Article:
Shares mingle with increased rallies amid US-China trade talks


US stocks were mixed in the open market, as investors' appetite for risk seemed satisfied after last week's rebound amid resumption of trade talks with China. The US dollar has dropped to its lowest level since October with traders evaluating Federal Reserve Chairman Dovish comments, Jerome Powell, on Friday.

The S & P 500 index fell due to weakness in stocks of utilities and consumer goods, while Nasdaq benchmarks rose slightly in relation to stocks of telecommunications services. The Stoxx Europe 600 index fell for the third time in four sessions.

Investors are still struggling to choose a direction after the wild end of 2018. Powell's seemingly relaxing comments on Friday and China's measures to strengthen its economy have lifted some moods but the stakes are high. And US lawmakers still can not reach agreement on the budget, leaving the federal government closed for the third week.

New trade talks between the US and China helped weaken demand for the dollar, while Treasury yields fell after a rise on Friday. The pound fell against the euro, while UK lawmakers sought to avoid an uncommitted Brexit. The common currency remained solid even as data showed that orders to German mills fell more than expected in November.

Elsewhere, emerging markets stocks jumped and the Indonesian rupee led to gains in major currencies. West Texas Intermediate crude extended a recent rebound to trade above $ 49 a barrel. Gold rose after China reported an increase in participation.

Here are some events that investors can focus on this week:

A US delegation is in Beijing for business talks with Chinese officials, the first face-to-face meeting since Trump and Xi agreed to a temporary truce on Dec. 1. Wednesday sees the release of Fed policy minutes at 18-19. meeting. Powell will speak to the Washington D.C. Economic Club on Thursday. The UK parliament is retaken in a debate over Brexit's withdrawal law with Prime Minister Theresa May trying to avoid defeat in a vote scheduled for the week of 14 January.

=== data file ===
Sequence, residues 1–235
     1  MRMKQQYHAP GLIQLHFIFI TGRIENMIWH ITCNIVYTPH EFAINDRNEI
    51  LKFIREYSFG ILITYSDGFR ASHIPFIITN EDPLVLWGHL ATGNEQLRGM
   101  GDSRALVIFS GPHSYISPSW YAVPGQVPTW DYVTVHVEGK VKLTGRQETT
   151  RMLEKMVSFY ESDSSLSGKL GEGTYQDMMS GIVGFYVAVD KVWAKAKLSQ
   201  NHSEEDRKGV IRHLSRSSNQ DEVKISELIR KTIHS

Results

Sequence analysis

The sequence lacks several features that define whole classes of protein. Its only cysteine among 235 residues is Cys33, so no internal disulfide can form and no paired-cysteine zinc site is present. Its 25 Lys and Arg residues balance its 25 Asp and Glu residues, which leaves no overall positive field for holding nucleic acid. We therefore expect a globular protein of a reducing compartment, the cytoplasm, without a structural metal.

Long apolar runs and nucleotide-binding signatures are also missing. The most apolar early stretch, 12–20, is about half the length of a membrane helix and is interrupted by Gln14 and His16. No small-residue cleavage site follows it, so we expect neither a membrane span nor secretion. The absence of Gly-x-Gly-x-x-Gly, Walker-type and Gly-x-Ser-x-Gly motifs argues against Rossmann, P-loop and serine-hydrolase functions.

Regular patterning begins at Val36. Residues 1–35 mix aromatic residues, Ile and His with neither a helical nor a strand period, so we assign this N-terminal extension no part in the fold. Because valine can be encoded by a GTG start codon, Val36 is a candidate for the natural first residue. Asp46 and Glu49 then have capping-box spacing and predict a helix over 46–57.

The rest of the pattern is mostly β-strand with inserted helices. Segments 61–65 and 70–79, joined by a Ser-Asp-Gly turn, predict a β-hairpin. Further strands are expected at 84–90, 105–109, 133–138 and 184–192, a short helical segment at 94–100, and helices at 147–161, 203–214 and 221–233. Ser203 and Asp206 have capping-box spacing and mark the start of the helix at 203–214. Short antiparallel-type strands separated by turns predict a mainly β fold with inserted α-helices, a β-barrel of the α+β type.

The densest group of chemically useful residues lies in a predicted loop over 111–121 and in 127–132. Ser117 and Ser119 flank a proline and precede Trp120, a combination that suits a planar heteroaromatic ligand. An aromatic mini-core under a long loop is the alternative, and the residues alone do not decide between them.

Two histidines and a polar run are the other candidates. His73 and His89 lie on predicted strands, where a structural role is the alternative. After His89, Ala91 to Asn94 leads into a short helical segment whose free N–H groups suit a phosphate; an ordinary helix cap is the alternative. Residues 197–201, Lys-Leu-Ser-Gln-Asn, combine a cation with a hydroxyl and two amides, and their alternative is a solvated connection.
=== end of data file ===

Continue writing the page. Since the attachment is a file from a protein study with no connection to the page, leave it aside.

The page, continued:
McCreath: Expect a recession before the end of 2019 if the US and China are duke it out & # 39;

BNN Bloomberg commentator Andrew McCreath says the "big appeal" to markets this year is whether Donald Trump and Xi Jinping make trade peace or not. He also says the focus of US Federal Reserve Chairman Jerome Powell has always been and will always be the state of the US economy, not the markets.

These are the main movements in the markets:


The S & P 500 fell 0.3 percent from 9:41 am in New York. The Stoxx Europe 600 index fell 0.5%. The MSCI All-Country World Index was little changed. The MSCI Emerging Market Index jumped 1.2 percent to the highest in almost a month.


The Bloomberg Dollar Spot Index has declined 0.4% to its lowest level since October. The euro rose 0.5 percent to $ 1.1448, the highest gain in more than a week. The Japanese yen rose 0.2 percent to 108.29 per dollar. The British pound rose 0.3% to $ 1.276, the strongest in more than a month. The MSCI Emerging Markets Currency Index advanced 0.4 percent to the highest in six months.


The yield on 10-year Treasury bonds fell three basis points to 2,641%. Germany's 10-year yield declined less than a base point to 0.20%. Britain's ten-year yield fell four basis points to 1.237%.


The Bloomberg Commodity Index was little changed. West Texas Intermediate crude rose 1.4 percent to $ 48.62 a barrel, its sixth consecutive gain. Gold rose 0.5 percent to $ 1,292.33 an ounce.


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